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Fisher's return sparks memories of past glory for SK
I finally met Ed Fisher this past weekend.
Since I moved here in October of 2003, I've learned that there are two names that routinely come up when the topic of conversation turns to the glory days of South Kitsap sports. Those would be Elton Goodwin and Ed Fisher.
I've met and interviewed Goodwin. I'd like to see the baseball field at SK named after him (no offense to the Gehring family) but that needs to happen.
But I've also heard a lot about Fisher. About his presence on the sidelines of SK football games. How disciplined his team's were. How hard they played, how they never gave up.
I hear people talk about him with a reverence that is reserved for only saints and really good presidents. Or in my mind, football coaches and heroes from the state of Texas.
So, I wonder, why it took him seven years to come back to the place where he made a name for himself. Why did he wait so long to come back to Port Orchard?
That depends on who you talk to, I have found out.
Some say he left on his own accord, fed up with the way things were beginning to work around here. Others say he was run out of town because his act just got old.
I don't know which is true but I do know I was impressed after meeting the legend.
There he was, shaking hands and trading stories with the crowd as his former team lost yet another game. He posed for pictures, although reluctantly, and even squashed a halftime ceremony for the members of South Kitsap's 1994 state championship title team because he didn't want to take attention away from the homecoming parade.
That's my kind of coach.
In fact, he reminded me of a lot of my former coaches back in Odessa.
He was friendly, down-to-earth and willing to talk to a complete stranger even after watching South struggle to a 45-28 blowout loss at the hands of Central Kitsap Friday night at Joe Knowles Field. A night that saw him reunite with a handful of his former players off that title team.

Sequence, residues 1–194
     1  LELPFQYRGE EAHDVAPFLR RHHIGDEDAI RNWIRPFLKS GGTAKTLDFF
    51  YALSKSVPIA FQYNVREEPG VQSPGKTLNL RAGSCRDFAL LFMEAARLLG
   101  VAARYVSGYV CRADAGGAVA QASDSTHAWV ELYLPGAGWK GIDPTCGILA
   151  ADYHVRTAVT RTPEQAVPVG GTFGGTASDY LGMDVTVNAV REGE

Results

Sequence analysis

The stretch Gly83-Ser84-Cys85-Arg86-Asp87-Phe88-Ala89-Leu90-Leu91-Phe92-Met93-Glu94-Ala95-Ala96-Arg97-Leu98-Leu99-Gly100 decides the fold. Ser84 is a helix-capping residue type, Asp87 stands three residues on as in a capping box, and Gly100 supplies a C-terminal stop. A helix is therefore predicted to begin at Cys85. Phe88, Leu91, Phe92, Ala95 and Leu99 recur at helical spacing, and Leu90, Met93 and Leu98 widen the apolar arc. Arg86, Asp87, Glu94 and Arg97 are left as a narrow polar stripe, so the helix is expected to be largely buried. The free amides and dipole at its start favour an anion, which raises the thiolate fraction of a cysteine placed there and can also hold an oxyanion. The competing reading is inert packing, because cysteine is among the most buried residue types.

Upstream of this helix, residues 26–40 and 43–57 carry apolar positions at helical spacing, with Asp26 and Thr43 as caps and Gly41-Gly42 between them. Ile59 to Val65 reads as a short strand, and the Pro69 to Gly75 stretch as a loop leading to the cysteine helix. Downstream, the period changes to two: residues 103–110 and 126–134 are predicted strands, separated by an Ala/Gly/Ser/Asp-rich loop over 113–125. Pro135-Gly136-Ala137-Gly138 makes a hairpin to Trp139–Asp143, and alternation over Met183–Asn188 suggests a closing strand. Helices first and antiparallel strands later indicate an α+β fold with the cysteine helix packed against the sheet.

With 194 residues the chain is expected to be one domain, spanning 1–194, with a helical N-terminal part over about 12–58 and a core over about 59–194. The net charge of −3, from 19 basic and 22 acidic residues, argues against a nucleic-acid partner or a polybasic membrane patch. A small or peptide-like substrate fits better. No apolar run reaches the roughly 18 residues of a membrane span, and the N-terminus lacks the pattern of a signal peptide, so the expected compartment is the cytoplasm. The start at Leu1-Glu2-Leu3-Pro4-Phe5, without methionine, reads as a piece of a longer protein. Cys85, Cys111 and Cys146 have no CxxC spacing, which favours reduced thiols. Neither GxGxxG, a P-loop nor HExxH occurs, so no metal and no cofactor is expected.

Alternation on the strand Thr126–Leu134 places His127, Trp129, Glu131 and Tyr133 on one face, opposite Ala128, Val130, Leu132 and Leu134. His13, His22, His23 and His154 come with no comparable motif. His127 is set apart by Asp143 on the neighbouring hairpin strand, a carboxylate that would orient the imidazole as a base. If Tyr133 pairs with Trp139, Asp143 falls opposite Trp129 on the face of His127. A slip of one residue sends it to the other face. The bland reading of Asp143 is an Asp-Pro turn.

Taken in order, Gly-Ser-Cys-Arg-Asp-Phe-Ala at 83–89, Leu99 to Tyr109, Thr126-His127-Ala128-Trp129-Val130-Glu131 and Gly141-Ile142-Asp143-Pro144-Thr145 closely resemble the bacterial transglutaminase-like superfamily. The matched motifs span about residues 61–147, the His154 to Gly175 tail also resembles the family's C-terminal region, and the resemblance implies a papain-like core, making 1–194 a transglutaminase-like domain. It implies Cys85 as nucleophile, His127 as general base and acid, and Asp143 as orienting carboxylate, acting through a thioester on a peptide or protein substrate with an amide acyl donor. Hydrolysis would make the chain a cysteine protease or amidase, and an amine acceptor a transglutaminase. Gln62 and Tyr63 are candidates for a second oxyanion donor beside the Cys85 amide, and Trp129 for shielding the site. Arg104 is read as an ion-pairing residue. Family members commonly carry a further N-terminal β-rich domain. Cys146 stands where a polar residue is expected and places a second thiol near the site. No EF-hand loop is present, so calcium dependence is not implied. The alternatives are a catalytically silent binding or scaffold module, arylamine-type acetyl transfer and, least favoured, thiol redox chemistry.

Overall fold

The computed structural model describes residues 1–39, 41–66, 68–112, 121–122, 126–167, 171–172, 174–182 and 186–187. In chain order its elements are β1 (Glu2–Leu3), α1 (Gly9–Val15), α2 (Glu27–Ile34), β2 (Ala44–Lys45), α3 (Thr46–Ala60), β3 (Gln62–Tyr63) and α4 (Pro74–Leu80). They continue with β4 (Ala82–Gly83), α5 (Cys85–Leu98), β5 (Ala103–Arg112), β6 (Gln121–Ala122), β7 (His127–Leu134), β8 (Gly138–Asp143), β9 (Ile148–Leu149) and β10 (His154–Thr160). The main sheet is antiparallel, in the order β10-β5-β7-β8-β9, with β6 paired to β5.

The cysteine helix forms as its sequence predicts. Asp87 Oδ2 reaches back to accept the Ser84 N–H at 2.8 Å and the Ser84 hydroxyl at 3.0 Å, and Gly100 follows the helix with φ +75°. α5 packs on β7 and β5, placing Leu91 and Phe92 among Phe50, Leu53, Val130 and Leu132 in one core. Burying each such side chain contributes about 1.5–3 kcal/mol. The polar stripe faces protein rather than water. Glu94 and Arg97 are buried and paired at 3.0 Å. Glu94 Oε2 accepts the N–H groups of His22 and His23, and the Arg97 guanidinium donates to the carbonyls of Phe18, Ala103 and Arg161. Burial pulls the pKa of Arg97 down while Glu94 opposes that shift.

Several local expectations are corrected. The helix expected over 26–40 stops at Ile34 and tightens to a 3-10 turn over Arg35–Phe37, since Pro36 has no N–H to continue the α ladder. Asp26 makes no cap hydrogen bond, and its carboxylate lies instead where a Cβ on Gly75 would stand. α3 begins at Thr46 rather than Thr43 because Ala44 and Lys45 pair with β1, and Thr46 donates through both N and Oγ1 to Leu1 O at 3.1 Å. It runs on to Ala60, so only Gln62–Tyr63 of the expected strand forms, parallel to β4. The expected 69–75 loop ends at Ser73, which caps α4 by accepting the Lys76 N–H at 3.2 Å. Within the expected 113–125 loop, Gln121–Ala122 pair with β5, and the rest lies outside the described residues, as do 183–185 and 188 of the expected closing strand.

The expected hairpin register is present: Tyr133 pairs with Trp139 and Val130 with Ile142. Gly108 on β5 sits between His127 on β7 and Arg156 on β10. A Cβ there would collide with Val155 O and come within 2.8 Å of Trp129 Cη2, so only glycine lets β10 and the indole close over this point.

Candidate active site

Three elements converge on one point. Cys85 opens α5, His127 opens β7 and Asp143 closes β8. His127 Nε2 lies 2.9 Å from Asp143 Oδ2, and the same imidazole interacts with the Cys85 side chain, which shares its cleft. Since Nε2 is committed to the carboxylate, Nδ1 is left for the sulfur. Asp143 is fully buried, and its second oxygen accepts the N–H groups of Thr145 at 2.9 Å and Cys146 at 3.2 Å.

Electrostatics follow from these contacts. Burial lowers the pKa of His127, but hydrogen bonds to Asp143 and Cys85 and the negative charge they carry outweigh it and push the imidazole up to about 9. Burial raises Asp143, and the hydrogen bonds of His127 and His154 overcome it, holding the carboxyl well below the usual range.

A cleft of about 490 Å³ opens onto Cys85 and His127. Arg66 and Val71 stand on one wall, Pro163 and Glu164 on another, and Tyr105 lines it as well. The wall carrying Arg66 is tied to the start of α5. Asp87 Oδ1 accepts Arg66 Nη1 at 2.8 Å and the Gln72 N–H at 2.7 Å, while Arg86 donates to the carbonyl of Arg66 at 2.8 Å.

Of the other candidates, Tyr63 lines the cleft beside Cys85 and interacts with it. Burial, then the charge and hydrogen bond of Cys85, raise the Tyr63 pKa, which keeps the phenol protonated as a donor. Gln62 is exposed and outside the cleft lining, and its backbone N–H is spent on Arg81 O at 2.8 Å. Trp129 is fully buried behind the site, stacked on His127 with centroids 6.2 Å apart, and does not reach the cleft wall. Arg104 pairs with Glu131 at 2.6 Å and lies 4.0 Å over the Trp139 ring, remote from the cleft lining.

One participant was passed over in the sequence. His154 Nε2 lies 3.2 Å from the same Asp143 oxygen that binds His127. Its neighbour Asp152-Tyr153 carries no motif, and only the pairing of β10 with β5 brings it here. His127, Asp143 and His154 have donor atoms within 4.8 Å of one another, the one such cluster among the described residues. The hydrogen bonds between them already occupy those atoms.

"I talked with a whole bunch of them," Fisher said Friday night after the game. "There were some that I have not seen for a long time. It's been great. It's been a very, very rewarding evening."
Fisher's last season as head coach was the 1996 season that saw the Wolves go 11-1 and lose in the state semifinals. One of his assistants, D.J. Sigurdson, took over as Fisher moved to Spokane, became an athletic director and stayed away from South Kitsap football, for the most part.
He did attend two playoff games during the 1997 season, including the Wolves 49-13 loss to Central Valley in the state title game. He had, after all, coached most of those players, but has not been to a SK game since until last Friday
"It's been long enough to the point that everything is good," Fisher said. "I love the people here. I got lots of compliments, got to see things that have changed but see some things that are the same. Very good - very, very positive. There's tremendous people in the community that have been very supportive of me so it's been a very nice night."
It should come as no surprise that the people of Port Orchard would extend a gracious hand to the man that made the program what it is, especially on a night that saw the program guarantee its first losing record since 1977. In fact, many still consider South Fisher's program, although he's been gone for seven years.
"Well, it's D.J.'s (program)," Fisher laughed. "But D.J. stops over and sees me once a year, he comes and stays at my house. We watch film and talk and stuff like that. So I have a pretty good handle on at least what's going on and that sort of thing."
So the man that recorded a 161-23 record from 1980 to 1996 hasn't totally cut his ties to this program and it's obvious he still cares. He does, in fact, have his own opinions about what has transpired this season under the former defensive assistant that he groomed for this job.
"It's a situation where, no matter how long you coach, there's just going to be certain years when things don't work or are not what you want them to be," Fisher said. "This year just happens to be one of those. I feel for him but I know that he will work though it and next year they will come back and have a better season. I know he's resilient and I also know that he's a good football coach."
Fisher expects to see South back in the playoffs soon, as do I and a lot of other people around town.
But should Port Orchard expect to see him again anytime soon? Or will it be another seven years before the old football coach makes another appearance? I, as well as the entire town, should hope not.
"This has been such a rewarding night," Fisher said. "Very, very fun for me. But I don't know. We'll see."